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Tuesday, January 9, 2018

Love without Limits

The Rev’d. Stephen E. Stults
Second Sunday after the Epiphany
St. Paul’s Anglican Church
January 14, 2018
“Love without dissimulation”

We just heard a beautiful, but archaic phrase today in the Epistle from St. Paul.  We heard, “Let love be without dissimulation.” While this beautiful language, what does it mean? While this priest genuinely loves the KJV version of the Bible, and it is this translation that comes to memory for me, other translations have real value to us as well.  For example, some modern translations put it this way: “let love be without hypocrisy”;[i] “let love be genuine”;[ii]and “let love be sincere.”[iii]

This “kernel” of truth here isthat love must be real. It must have substance.  Is it enough to say to another person, “I just love you…?”

This statement certainly makes us feel good, but how do we know it is true?

For most of us, appearance is reality.  Yet, there is always a test between appearance and reality. It could be that test revolves around one little word: action. Something must happen to solidify the quality of love.

With that thought in minds, consider the actions St. Paul associates with love.  Note the verb attached to each one.
  • Abhor evil
  • Cling to that which is good
  • Be devoted to one another
  • Prefer one another
  • Avoid slothfulness
  • Rejoice in hope
  • Be patient in trouble
  • Pray instantly
  • Distribute to the needs of the saints (the Church)
  • Give hospitality
  • Bless those who persecute you
  • Do not pay back evil with evil
  • Practice humility
  • Live peaceably with all men.
This is quite a list: abhor, cling, bless, prefer, rejoice, and give, among others.  All these things require something: effort and action. In short, love is doing something for someone else. Sometimes, that may be not doing or saying something that may be hurtful.

Referring to St. James’ Epistle, he tells us, “But wilt thou know, O vain man, that faith without works is dead?”[iv] While St. James’ statement applies to a broader context that what St. Paul is saying, it is very applicable. It is very important that we show love to others in our lives by what we do and say.  Deeds speak louder than words, as the old saying goes. As our Lord taught us,” Wherefore by their fruits ye shall know them.”[v]

As an aside, let it not be thought that words are not important; they are. We all know of people whose parents never told them they loved them. There are people who have never heard the words, “I love you.”  How unfortunate. As in all things, we must seek to strike a balance.  The wise ancient Greeks called it the middle way.  This is a quality of Anglicanism, too.  We strive to walk the middle way, the “via media” in many things.

Let me ask you a question…where does love begin?  Does it originate in the head, as an intellectual decision, or in the heart, as an emotional response?  Do we weigh the benefits of something, and then decide to love it, or them; or, is it merely an emotional “rush” that comes over us?  How does it happen?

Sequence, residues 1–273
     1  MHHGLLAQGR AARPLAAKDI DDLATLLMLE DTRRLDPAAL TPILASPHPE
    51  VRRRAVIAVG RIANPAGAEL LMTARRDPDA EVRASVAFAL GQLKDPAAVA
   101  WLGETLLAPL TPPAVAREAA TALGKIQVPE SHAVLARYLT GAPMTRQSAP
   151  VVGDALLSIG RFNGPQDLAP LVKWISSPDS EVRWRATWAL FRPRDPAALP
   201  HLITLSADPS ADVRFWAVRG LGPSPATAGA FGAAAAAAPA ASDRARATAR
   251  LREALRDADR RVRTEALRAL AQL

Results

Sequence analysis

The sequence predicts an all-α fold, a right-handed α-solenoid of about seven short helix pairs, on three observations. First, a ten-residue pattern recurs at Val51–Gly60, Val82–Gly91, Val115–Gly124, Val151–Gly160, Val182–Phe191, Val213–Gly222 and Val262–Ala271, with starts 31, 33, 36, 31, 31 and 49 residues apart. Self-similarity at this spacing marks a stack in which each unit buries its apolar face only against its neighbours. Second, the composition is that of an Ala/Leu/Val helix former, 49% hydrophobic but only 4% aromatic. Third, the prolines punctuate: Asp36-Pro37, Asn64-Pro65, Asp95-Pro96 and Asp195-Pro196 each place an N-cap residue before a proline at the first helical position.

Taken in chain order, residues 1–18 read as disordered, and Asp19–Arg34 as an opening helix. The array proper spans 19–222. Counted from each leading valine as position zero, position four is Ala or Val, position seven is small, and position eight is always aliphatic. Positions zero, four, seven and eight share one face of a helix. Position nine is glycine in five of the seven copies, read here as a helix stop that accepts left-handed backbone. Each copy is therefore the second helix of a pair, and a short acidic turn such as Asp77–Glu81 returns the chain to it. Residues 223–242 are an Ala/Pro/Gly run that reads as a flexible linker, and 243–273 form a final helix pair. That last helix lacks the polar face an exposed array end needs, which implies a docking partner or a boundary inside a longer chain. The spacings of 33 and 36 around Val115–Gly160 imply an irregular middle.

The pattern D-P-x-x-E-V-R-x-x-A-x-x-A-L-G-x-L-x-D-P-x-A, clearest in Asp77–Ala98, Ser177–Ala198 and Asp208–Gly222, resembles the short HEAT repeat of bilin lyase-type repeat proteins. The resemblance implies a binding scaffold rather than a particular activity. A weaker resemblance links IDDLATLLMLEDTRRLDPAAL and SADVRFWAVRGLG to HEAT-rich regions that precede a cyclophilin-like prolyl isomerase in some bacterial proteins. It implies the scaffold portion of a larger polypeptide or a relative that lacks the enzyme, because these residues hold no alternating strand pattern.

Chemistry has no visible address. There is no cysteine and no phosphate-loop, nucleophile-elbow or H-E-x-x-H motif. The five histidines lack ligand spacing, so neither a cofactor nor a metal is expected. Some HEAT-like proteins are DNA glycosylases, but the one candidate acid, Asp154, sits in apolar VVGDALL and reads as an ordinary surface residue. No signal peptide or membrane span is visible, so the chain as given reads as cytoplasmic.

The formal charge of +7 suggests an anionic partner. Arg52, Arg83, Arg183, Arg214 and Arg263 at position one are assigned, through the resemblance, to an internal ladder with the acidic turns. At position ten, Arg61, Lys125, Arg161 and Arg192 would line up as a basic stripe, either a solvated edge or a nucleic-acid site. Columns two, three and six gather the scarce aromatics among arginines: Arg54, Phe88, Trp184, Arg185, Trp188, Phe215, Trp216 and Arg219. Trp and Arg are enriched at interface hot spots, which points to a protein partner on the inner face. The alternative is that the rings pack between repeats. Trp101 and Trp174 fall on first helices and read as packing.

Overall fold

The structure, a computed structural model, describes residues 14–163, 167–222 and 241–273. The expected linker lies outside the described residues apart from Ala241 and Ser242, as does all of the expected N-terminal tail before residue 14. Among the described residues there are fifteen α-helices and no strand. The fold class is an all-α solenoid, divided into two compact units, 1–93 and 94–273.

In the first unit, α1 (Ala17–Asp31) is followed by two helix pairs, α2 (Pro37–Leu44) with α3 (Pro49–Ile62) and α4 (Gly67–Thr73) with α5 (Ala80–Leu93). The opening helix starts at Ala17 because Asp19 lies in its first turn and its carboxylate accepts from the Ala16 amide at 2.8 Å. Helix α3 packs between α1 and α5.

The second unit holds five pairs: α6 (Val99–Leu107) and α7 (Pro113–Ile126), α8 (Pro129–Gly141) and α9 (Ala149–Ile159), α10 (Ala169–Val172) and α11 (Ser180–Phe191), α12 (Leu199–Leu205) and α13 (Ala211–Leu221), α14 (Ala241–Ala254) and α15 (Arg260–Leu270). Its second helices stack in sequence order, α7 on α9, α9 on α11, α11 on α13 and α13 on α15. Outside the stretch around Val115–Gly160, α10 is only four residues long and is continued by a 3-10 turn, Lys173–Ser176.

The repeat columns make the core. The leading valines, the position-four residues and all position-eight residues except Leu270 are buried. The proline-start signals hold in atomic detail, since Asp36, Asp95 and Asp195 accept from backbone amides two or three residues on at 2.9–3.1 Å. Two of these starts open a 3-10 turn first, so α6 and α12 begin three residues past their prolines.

We will submit to you that the type of love of which St. Paul is speaking is deeper than either a rational evaluation that leads to affection, or an emotional onslaught in the form of infatuation. The love St. Paul is referencing is much more profound and durable.

Consider this: for us to be able to love in action as well as in words, we need something that is infinitely greater than either our mere intellectual appraisal, or even our fickle emotional attachments.  We need something that lets us love the unlovely, and to show our love to those whom we normally would not.

How is this possible?  How do love those we really don’t like, how do we pray for our enemies, and how do we consistently prove our love through action? It must come from outside ourselves.

Most certainly it does.  First, to love others, we must love ourselves. This love is not the self-indulgent, or selfish manner that we all are prey to, but rather is the clean, bright knowledge that Someone loves us more than we can imagine. The Holy Trinity loves us (you) to such a degree that is totally incomprehensible to us, for it knows no limits. 
Try to accept that in your innermost soul.  If possible let it sink in, deep down, and transform you that you truly love yourself.  When this happens, loving others is possible, even natural.  As the realization grows that you have infinite value to God, you will value yourself. You will value others more also.
Here’s something the engineers in our congregation can relate to: godly self-value and Christ-like self-esteem is like liquid that can only be compressed so far; eventually it explodes its container. The extreme, profound love of God cannot be contained in mere mortal vessels.  It too must explode into the world beyond.

This is what God’s love is like. It wants to live in you, to the extent that you choose to accept it. As you allow God’s love to take root in you, it cannot help but spread its branches through you, to the world.

Then, you can express love in word and deed.  Then, you can do things like abhor evil, prefer others above yourself, pray instantly, give unstintingly, and live peaceably with all men.

You will be able to prove consistent love by speaking it and doing it.

Romans 12:9   “Let love be without dissimulation.”

[i] New American Standard Version
[ii] English Standard Version
[iii] New International Version
[iv] James 2:20
[v] Matt. 7:20

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